Saturday, December 25, 2010

Whale softie

Here are two whale softies that I made for my 5 yr old son this Xmas. He liked them so much he carries them around constantly. The little one is the size of the original pattern, and the big one is enlarged to be about 70-80cm long. They were very easy to sew. The pattern is free online and is from Small Dreamfactory. I´ll probably make a couple more in the in-between sizes so we have a pod... Thanks for having the free pattern online Small Dreamfactory!

A beach near Dunedin, South Island, New Zealand

Monday, December 6, 2010

More stripey socks

Just in time, I´ve finished these stripey socks for my sister-in-law Evi for Christmas. The wool is Heirloom sock wool, which my mum sent me from Australia. The pattern is the basic sock pattern from Wendy Knits Socks from the Toe Up.

Near Dunedin, South Island, New Zealand

Christmas decorations

Here are few Christmas decorations I made the other day.

The Christmas Elf is a standard easter bunny pattern with a hat instead of ears. Ooops, just realised that this guys needs his own elf ears, so I´ll get onto that now...

The Nutcracker man is the Blossom Bunny pattern from the Penguin Softies book, however, if I made more, I´d take 2 cm off the width to make him a tiny bit thinner. The Soldier Nutcracker man is the only one of these decorations that my son likes (well, at least he´s honest...sob). But that´s probably OK, because my husband was born very near the Erzgebirge region, so sewing Nusscracker decorations are probably pretty appropriate for our family. I also altered the Blossom Bunny pattern by leaving out the circular base altogether. The stuffing hole is left in the side, and the top and base are sewn across (right side still together) and then lain flat, and have had the corners sewn across. This makes the top and base square rather than circular. I´ll take some work in progress pictures to show how this is done when I make some more.

The Wichtelmann is from the german book Kuscheltiere Nähen from Topp books, which my sister in law sent me. I sewed him in Xmas fabric. Mmm - I kind of like him, but I think I´d just sew little Christmas trees, halving the side, all in one colour Xmas fabric next time.

On top of Mt Ruapehu, North Island, New Zealand

Christmas bunting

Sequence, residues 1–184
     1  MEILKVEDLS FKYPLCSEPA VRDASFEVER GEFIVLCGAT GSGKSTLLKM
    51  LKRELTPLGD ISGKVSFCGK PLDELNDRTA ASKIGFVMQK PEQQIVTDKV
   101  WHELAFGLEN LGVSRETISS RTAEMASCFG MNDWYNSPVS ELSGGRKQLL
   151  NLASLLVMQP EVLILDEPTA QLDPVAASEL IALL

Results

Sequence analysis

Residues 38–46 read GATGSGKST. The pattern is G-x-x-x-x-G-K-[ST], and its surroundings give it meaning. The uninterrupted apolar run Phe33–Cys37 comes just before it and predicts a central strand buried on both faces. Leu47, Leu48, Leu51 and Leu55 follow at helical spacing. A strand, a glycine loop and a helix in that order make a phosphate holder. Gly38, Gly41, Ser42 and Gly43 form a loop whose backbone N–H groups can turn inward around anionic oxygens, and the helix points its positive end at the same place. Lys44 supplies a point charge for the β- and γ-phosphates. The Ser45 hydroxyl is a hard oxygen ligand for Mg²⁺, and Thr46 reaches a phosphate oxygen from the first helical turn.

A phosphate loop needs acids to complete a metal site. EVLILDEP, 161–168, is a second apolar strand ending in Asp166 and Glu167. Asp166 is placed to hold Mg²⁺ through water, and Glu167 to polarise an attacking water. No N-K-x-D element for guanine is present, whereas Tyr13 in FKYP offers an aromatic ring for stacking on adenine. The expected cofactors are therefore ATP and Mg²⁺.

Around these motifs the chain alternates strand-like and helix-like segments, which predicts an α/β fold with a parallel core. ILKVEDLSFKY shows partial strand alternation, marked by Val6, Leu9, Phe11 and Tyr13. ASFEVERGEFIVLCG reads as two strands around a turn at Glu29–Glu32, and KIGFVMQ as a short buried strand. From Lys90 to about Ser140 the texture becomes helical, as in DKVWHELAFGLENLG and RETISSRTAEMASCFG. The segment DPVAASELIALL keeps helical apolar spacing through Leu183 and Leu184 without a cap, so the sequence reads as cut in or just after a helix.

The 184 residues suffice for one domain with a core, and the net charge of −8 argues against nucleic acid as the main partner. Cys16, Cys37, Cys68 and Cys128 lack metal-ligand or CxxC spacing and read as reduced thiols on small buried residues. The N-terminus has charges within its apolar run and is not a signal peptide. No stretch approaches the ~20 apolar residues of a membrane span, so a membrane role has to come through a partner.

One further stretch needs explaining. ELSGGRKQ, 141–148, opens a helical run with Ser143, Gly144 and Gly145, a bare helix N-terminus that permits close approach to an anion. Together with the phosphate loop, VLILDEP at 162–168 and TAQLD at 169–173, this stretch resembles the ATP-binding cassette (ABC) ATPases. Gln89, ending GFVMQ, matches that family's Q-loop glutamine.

Christmas! I´ve finally gotten onto making some Christmas bunting between bouts of colds, after caving in and buying some pinking shears on sale at Thimbles & Threads.

You just cut out lots of isosceles triangles and them wrong sides together 1cm in from the edge. Then cut the edges with pinking shears. Finally stick the tops inside a length of bias binding tape and sew along the tape edge. Ta da!

The Pinnacles, Mt Ruapehu, North Island, New Zealand

Pencil case rolls

Here another couple of pencil rolls from Soulemama´s Creative Family book which I made as gifts for friend´s sons. Its made a huge difference to my son, and he actually likes drawing things now. I realised after sewing them that I did the ties wrong - there should be two ties on one side only... oops. I just cut one off. Many thanks to wonderful Jellyspec for the fabric from her fabric stash.

Wellington Harbour, from our old flat, North Island, New Zealand

More bean bags...

Whew. More bean bags. I´m getting quite quick at making these, so I´ve decided to make them as gifts for people at our Playcentre who finish their Te Wai course (as I´m the Education Officer). Each little bag gets 4 or so bean bags in them.

Near Dunedin, South island, New Zealand

Tuesday, November 23, 2010

Peasant / folk t-shirt I designed

Here is a muslin of another go at designing a tshirt. I´ve just watched the original ice-dancing section of the 2009 Olympics and I loved all the peasant and folk costumes the skaters wore. This tshirt was supposed to be gathered at the neckline, with another underlayer at the neckline, like a peasant shirt, with cap sleeves. I think I´d like to try something like this again, but with a woven fabric peasant shirt.
The neckline on the paper-pattern is a very defined flat U-shape, like a folk peasant shirt, but made up in a knit material it curves alot more, like a scoop neck. I´d might make the U-shape sharper neck time.
The neckline is a 1:2 increase for gathering, just at the base of the neckline, and 1cm up on the neckline curve, (but no additions on the sides). I did the increases as per Cal Patch´s book Design It Yourself:Patternmaking simplified. I took the sides in slightly so that the shirt would not be too baggy due to the extra fabric along the neckline.
The fabric is some lycra from my friend Anna - thank you! The purple is cut off an old scrap tshirt.